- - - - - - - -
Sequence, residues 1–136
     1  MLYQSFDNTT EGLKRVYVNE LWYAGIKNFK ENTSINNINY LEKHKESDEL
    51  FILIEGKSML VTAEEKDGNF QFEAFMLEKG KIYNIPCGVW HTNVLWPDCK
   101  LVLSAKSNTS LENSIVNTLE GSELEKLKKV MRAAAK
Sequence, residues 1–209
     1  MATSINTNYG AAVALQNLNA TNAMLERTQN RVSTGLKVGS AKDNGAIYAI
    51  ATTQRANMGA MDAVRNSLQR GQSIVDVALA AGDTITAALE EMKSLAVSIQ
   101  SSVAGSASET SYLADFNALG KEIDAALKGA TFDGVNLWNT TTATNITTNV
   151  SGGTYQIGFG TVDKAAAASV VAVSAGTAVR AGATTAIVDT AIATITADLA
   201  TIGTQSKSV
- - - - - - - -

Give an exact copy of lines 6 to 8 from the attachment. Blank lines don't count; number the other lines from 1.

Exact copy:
     1  MATSINTNYG AAVALQNLNA TNAMLERTQN RVSTGLKVGS AKDNGAIYAI
    51  ATTQRANMGA MDAVRNSLQR GQSIVDVALA AGDTITAALE EMKSLAVSIQ
   101  SSVAGSASET SYLADFNALG KEIDAALKGA TFDGVNLWNT TTATNITTNV